The downside of Valentine’s Day is that it’s filled with rejection. Who hasn’t had a crush on someone who doesn’t know we even exist or asked people out on dates only to be told “No, thanks.” We’ve all been there, it hurts but it’s life and we don’t let it get us down or take it personally. It’s easy to be adult about it. But when your teenager first experiences the disappointment of an unrequited crush, it can be hard for us to put ourselves in their place. However, it’s important for us as parents to be as understanding as possible to help our kids get through something that can feel devastating to them. It’s hard to see your child unhappy. Unfortunately, this is just one of those situations where you are limited in how you can help. But you can make it just a little bit easier for them.
It’s important to never tell your child that they do not understand “what love is.” This makes light of your child’s situation and bringing that up in their moment of rejection will most probably not go well. It won’t reduce their pain, and might make your child feel as though you don’t take their concerns seriously. It might even put them off coming to you for advice in the future. Take it seriously – you’re an adult, you know that the road can be rocky but your child doesn’t know this yet. They can’t see that over their life love will have its ups and downs. This just happens to be their first down, and it hurts.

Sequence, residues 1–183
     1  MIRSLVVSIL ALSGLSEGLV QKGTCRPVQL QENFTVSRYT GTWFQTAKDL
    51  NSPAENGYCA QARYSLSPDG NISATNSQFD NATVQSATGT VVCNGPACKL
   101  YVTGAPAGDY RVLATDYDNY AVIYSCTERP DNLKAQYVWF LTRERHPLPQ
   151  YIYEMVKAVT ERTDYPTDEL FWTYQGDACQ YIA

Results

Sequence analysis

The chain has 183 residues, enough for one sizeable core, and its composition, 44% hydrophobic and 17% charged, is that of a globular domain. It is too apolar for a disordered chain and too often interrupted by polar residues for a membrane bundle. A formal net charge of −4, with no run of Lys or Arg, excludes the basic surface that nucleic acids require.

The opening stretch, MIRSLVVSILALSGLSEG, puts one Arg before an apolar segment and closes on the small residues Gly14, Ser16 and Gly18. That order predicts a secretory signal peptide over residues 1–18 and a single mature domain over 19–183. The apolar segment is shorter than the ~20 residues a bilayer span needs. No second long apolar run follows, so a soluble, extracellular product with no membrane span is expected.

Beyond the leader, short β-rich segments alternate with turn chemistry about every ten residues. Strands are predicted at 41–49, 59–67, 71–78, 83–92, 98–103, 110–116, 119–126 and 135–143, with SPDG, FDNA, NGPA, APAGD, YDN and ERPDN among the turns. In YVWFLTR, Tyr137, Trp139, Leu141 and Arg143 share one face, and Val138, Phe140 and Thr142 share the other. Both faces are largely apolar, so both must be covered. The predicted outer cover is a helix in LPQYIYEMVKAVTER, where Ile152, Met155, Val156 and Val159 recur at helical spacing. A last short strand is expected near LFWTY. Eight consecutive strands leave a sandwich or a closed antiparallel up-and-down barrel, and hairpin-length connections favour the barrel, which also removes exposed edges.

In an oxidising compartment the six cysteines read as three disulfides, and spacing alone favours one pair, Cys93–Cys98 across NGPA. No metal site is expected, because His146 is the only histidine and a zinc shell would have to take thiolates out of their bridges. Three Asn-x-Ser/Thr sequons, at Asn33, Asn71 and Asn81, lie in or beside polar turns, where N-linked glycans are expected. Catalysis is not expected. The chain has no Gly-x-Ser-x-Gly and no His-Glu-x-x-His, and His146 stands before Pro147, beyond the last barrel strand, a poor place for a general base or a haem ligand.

Crushes are deeply personal and rejection isn’t just painful, it can be embarrassing, so keep it private. It’s not cute or funny to make fun of your child and their first crush. Take their concerns seriously and never say anything that demeans or criticizes them.
Don’t encourage your child to belittle or be mean to someone if they’ve been rejected by them. It may be easy for you to say “Well, she’s not that great anyways”, but this is inappropriate and undermines anyone’s right to reject – after all, we all have a right to turn down offers and it’s not reflection of our character. Instead, try your best to get your child to understand that although they are allowed to be hurt, their crush is also allowed to say no. Saying no doesn’t make you a bad person.
Of course, you could trot out the age-old clichés of “more fish in the sea” and “it will get better”, all of which are true but not necessarily the right things to say in the moment, because who wants to hear that when they’re upset? It’s a stressful time but if you’re there for your child, they’ll recover when they’re ready. They will have a lot more to look forward to and this will just be one of a series of learning experiences.